A.J. Burnett's late-career renaissance in Pittsburgh hasn't been completely surprising considering he's taken full advantage of moving into pitcher-friendly PNC Park.
His trips outside the Steel City haven't gone quite so well.
Burnett looks to win a sixth straight start Saturday in Cleveland, where the Indians will try to take advantage of his major league-worst road ERA and hand the Pirates a fifth consecutive loss.
Burnett (6-2, 3.61 ERA) has benefited from moving back to the NL, and he's been downright dominant in Pittsburgh. His 1.27 home ERA is the majors' fourth-best, and he improved to 4-0 at PNC by holding Kansas City to two runs over 7 1-3 innings of Sunday's 3-2 win.
"You want to go out and go as deep as you can every time out," Burnett told the Pirates' official website. "It just worked that way."
Pittsburgh (32-31) has won Burnett's last seven outings - he's 5-0 with a 2.12 ERA - but only two of those have come on the road. He's 2-2 away from PNC with an 8.69 ERA, the worst mark among the 137 major league pitchers to have made at least four road starts.
He can become the first Pirates pitcher to win six straight starts overall since Doug Drabek did it during his 1990 Cy Young Award-winning season, but Progressive Field has never been kind to Burnett. He's 1-5 in six visits with a 6.75 ERA, his highest in any park where he's made more than five starts.
The Indians (33-30), though, haven't recently looked capable of adding to Burnett's shaky road numbers. Cleveland has totaled 15 runs and is batting .103 (4 for 39) with runners in scoring position over its last six games, but found enough offense to beat the Pirates 2-0 in Friday's series opener.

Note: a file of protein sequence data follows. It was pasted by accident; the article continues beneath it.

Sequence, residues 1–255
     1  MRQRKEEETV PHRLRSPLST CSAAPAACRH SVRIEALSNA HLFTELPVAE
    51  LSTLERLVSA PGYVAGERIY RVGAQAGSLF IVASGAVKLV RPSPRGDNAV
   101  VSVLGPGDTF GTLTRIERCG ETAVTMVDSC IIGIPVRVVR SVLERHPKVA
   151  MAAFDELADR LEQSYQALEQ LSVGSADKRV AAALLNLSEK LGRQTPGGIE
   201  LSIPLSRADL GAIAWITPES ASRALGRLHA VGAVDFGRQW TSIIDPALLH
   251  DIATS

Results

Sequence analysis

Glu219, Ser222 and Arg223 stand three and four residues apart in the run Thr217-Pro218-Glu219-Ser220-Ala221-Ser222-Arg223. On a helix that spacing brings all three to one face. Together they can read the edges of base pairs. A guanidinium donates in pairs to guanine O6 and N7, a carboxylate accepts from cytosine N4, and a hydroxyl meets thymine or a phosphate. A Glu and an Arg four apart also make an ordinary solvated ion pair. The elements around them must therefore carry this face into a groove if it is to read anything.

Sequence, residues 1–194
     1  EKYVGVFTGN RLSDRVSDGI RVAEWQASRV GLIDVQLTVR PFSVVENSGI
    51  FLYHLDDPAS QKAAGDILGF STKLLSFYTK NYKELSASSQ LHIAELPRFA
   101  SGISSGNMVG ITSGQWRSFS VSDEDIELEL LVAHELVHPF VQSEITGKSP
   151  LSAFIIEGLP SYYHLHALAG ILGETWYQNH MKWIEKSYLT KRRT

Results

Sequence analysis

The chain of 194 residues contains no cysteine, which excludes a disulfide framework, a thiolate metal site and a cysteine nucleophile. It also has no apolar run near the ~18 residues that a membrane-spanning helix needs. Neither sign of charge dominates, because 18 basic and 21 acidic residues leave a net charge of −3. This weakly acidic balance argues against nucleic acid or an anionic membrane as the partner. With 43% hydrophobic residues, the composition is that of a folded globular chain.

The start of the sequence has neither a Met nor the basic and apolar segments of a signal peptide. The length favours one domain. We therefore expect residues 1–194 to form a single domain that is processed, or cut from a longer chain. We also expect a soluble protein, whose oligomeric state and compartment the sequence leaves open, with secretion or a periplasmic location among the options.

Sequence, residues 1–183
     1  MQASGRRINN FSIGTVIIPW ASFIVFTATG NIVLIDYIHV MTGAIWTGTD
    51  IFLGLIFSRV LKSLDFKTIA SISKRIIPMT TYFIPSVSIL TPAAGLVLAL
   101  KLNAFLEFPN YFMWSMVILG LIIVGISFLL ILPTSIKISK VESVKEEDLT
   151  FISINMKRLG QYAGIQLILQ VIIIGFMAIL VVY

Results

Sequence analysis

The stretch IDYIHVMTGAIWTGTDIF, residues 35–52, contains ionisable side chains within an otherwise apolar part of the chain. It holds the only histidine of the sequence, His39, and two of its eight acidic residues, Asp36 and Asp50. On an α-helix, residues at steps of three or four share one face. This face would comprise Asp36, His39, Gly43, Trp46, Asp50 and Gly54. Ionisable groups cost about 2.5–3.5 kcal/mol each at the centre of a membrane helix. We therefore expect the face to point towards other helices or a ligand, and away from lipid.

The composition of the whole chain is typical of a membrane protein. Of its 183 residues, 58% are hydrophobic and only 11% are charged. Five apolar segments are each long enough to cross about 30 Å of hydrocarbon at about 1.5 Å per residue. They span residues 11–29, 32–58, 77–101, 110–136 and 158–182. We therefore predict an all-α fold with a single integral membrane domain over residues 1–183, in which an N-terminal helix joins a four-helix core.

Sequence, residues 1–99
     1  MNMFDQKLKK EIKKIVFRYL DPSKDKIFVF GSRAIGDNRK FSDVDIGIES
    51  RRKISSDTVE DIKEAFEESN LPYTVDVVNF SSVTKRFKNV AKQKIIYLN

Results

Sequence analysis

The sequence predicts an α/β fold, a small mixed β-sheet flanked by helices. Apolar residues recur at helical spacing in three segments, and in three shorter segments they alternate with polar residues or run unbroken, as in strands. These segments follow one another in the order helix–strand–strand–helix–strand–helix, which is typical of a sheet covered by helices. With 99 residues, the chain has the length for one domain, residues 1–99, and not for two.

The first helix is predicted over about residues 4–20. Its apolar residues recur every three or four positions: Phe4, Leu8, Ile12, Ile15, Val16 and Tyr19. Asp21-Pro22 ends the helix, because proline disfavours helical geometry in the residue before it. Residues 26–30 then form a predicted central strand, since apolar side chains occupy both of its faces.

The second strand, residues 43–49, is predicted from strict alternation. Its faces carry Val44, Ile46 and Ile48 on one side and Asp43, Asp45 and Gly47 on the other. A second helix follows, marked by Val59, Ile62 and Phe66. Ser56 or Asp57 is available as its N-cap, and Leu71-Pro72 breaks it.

The Indians managed one hit in seven chances with runners in scoring position, but it was a significant one. Michael Brantley drove in Shin-Soo Choo with an eighth-inning single to extend his hitting streak to a major league season-high 22 games.
"What streak?'' joked Brantley, who's 1 for 7 lifetime versus Burnett.
Cleveland's offense isn't the only one having trouble scoring lately. The Pirates are 5 for 34 with runners in scoring position during their losing streak and have now been held to either one run or none 19 times on the season.
"We need to have a better understanding and awareness when we're in the (batter's) box," manager Clint Hurdle said.
Hurdle's very aware of what Cleveland's next starter is capable of doing. He managed Ubaldo Jimenez from 2006-2009 in Colorado, and the right-hander was 3-0 with a 1.54 ERA in his first five career starts versus Pittsburgh before giving up four runs over four innings in a May 2011 loss.
Consistency has been the issue for Jimenez (6-4, 4.91) since arriving in Cleveland, but he's shown signs of turning around his rocky start. He held Detroit to one run over 6 2-3 innings in a 4-2 win June 5, then struck out seven without a walk before exiting after seven innings Sunday in St. Louis, allowing one run in a game the Indians eventually won 4-1.
"He was dominant," manager Manny Acta told the Indians' official website. "He had the good fastball with life and a little tail to it at the end, and had a good slider. Everything was working for him."
Jimenez is 3-1 with a 3.38 ERA in five starts at home, where he's issued as many walks (19) as hits in 32 innings. The Pirates, however, have walked just 143 times - 17 fewer than the majors' next-lowest total.